Results obtained from observations made on the capability and effect of bicarbonate concentrations, pooled human serum, and CO2 on germ tube formation by C. albicans were subjected to the Student -distribution for paired samples. This statistical method was ideal for testing the hypotheses for significant differences in test results whereby is mean difference in germ tube induction time; is standard deviation of time differences; SEM is standard error of the mean difference; is sample size; is degrees of freedom (d.f.). The confidence interval was set at 95% and therefore a significance level of 5% (0.05). In our sets of experimental assays, the relevant results were evaluated as follows:(a)-test for paired samples to test for any significant difference in the rate of germ tube formation between C. albicans isolates incubated in NaHCO3 against those incubated in pooled human serum(b)-test for paired samples to test for any significant difference in the rate of germ tube formation between C. albicans isolates incubated in human serum in normal air and air enriched with 5–10% CO2(c)-test for paired samples to test for any significant difference in the rate of germ tube formation in C. albicans isolates between each of three separate trials, with double trials each time, in testing the consistency of the human serum and bicarbonate techniques, respectively

3. Results

A total of 146 out of 150 (97.6%) isolates were germ tube positive when grown in foetal bovine serum. These were confirmed as C. albicans. All presumptive C. albicans species produced visibly much shorter germ tubes after incubation in buffered bicarbonate medium than those observed in pooled human serum cultures after 3 hours of incubation. Even after overnight incubation, there was an insignificant increase in germ tube development in buffered bicarbonate only cultures but extensive elongation of germ tubes into mycelial networks in pooled human serum cultures. Germ tube formation in buffered bicarbonate increased with increasing concentrations of sodium bicarbonate (Table 1). The results in Table 1 show that germ tube formation increased sharply from 0.0 mM NaHCO3 to 10.0 mM NaHCO3. The optimum concentration was found to be 20 mM. No germ tube formation occurred in buffer alone or in water controls. In Tris-maleate buffer alone, only scanty (21%) of cells showed minute budding and triplicate buffer control samples required scanning at least 5 fields to encounter any minute evidence of budding. No germ tubes were observed in Tris-maleate buffer control alone without bicarbonate or in deionized water alone. The NaHCO3 solutions shown in Table 1 were made in Tris-maleate buffer.

Table 1: The capability and effect of bicarbonate on germ tube formation in C. albicans.

The time taken for observable initiation of germ tube formation varied from 20 to 100 minutes in both pooled human serum and sodium bicarbonate. The results for the mean time for germ tube formation are shown in Table 2. The samples in 20 mM bicarbonate buffer were not incubated in parallel with a similar set in CO2 enriched air because bicarbonate is considered to be the equivalent of CO2. Conversely, CO2 is a source for soluble bicarbonate where the atmosphere is enriched with it.

Table 2: Time taken (minutes) for observable induction of germ tubes in 100 C. albicans isolates when incubated in NaHCO3 against human serum aerobically, under 5–10% CO2 and sealed human serum.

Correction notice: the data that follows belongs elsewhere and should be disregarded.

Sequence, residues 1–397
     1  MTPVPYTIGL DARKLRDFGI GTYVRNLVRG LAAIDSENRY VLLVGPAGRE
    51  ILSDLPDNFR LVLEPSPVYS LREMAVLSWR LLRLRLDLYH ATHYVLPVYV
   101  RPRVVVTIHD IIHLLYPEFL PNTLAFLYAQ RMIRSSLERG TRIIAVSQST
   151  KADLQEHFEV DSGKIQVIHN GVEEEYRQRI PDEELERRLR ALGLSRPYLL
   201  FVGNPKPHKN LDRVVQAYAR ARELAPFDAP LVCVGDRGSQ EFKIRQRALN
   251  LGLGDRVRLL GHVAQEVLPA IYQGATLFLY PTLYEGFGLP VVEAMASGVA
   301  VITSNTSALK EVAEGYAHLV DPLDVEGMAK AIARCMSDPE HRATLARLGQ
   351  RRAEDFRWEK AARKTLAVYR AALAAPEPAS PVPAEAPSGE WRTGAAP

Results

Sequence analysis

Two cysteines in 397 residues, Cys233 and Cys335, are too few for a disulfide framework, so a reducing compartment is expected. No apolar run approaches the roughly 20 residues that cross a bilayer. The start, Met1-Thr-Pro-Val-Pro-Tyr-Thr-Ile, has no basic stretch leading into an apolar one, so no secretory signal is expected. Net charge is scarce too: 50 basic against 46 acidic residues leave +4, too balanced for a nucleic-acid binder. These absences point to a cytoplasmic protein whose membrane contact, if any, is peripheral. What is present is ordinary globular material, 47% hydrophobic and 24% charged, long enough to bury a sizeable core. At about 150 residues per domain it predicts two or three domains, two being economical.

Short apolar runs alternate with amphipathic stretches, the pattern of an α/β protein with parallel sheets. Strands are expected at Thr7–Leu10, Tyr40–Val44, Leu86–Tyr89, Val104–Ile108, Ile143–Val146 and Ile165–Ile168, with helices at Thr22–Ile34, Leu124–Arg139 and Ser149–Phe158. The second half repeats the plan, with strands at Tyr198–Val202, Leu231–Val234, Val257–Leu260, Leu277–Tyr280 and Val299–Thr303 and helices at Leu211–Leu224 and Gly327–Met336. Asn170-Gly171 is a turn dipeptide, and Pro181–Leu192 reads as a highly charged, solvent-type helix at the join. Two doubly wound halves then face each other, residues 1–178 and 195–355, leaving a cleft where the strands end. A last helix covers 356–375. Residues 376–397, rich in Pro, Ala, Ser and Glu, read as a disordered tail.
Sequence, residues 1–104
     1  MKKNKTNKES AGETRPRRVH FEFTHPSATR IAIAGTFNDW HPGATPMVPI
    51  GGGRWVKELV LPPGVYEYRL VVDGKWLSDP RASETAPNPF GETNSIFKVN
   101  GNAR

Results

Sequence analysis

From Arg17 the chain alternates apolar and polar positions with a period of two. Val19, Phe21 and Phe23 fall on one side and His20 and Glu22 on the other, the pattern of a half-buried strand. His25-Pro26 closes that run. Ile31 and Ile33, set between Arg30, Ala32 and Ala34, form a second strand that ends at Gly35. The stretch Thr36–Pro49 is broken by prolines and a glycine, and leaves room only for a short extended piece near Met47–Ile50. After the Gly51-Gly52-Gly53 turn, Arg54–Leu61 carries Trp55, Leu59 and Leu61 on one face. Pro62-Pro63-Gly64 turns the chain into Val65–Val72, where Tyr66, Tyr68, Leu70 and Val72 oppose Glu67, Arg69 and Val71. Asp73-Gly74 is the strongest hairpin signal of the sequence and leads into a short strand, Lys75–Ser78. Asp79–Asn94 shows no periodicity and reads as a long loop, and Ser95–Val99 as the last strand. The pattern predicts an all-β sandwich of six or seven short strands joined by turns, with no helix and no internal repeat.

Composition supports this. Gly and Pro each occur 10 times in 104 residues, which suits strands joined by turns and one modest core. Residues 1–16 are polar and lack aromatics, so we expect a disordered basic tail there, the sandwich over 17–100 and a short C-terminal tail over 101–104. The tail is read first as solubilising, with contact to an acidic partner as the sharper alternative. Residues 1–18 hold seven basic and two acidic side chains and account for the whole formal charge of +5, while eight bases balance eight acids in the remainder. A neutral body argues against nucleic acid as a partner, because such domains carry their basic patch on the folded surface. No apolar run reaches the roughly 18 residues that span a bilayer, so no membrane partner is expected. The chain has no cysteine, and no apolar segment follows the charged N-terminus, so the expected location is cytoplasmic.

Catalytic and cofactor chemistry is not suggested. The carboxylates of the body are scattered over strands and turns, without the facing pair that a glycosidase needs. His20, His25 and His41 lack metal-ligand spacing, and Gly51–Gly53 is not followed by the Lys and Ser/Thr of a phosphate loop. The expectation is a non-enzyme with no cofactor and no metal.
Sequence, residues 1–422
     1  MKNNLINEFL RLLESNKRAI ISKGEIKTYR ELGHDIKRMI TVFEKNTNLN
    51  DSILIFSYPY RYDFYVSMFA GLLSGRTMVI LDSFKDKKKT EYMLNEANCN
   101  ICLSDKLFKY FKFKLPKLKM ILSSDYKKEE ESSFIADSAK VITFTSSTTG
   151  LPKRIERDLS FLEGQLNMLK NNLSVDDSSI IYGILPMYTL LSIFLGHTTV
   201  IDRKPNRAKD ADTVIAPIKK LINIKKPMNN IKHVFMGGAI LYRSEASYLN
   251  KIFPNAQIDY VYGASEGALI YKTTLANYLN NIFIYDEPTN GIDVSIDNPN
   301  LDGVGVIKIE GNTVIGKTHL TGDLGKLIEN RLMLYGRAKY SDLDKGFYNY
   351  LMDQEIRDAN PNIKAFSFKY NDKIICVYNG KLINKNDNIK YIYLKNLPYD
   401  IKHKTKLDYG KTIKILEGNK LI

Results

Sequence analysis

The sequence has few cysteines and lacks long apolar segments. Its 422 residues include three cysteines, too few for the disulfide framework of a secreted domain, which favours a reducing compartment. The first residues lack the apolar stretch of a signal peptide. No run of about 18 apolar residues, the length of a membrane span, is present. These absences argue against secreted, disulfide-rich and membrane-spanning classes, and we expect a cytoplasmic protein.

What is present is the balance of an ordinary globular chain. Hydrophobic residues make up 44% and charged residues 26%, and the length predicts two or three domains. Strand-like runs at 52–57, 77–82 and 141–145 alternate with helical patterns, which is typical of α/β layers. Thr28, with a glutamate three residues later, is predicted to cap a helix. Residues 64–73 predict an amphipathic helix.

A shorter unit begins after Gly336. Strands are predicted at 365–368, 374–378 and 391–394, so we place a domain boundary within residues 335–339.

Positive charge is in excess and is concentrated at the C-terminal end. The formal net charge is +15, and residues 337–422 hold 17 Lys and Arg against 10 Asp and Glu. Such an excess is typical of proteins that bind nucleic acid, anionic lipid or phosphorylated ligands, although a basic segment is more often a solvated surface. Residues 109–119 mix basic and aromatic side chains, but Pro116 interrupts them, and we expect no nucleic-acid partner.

Statistical values were used in the tests for paired samples to compare the rates of germ tube formation in bicarbonate and pooled human serum. The analysis for our results from experimental test sets was as follows: (a) -test for paired samples to test for any significant difference in the rate of germ tube formation between isolates incubated in NaHCO3 against those in pooled human serum (, , , d.f. = 99, and SEM ): The critical -value of two tailed test is 1.96. Our calculated -value was 1.52. This result showed evidence that there was no significant difference in the rates of germ tube induction mean time between pooled human serum and bicarbonate. (b) -test for paired samples to test for any significant difference in the rate of germ tube formation between Candida isolates incubated in pooled human serum in normal air as opposed to 5–10% CO2 enriched air (, , , d.f. = 99, and SEM ): This was a one-sided test so a critical -value equals 1.645; hence our -value was 5.6/1.305 = 4.29. Since this was above the critical 1.645 value, our results suggested that there was an increase in the rate of germ tube induction when isolates were incubated in 5–10% CO2. (c) -test for paired samples to test for any significant difference in the rate of germ tube induction in Candida between each of 3 separate trials, with duplicate trials each time, to show whether there was consistency in the test results of induction using pooled human serum and bicarbonate techniques: () T1 versus T2 (, , , d.f. = 19, and SEM ): hence . () T1 versus T3 (, , , d.f. = 19, and SEM ): hence . () T2 versus T3 (, , , d.f. = 19, and SEM ): hence . These were two tailed tests where , the d.f. = with a critical -value = 2.093 for analysis of the 3 double runs above. Since -values obtained were all less than the critical value, there is no significant statistical evidence at 5% level to suggest a difference in the rate of germ tube induction in all pooled human serum trial runs. Similarly, the consistency of bicarbonate in inducing germ tube formation was tested in 3 dual runs: () T1 versus T2 (, , , d.f. = 19, SEM ): hence . () T1 versus T3 (, , , d.f. = 19, and SEM ): hence . () T2 versus T3 (, , , d.f. = 19, and SEM ): hence . Since all 3 dual test runs showed -values less than the critical 2.093, there was no significant statistical evidence at 5% level to suggest a difference in the rate of germ tube induction in these separate bicarbonate trial runs (Figure 1).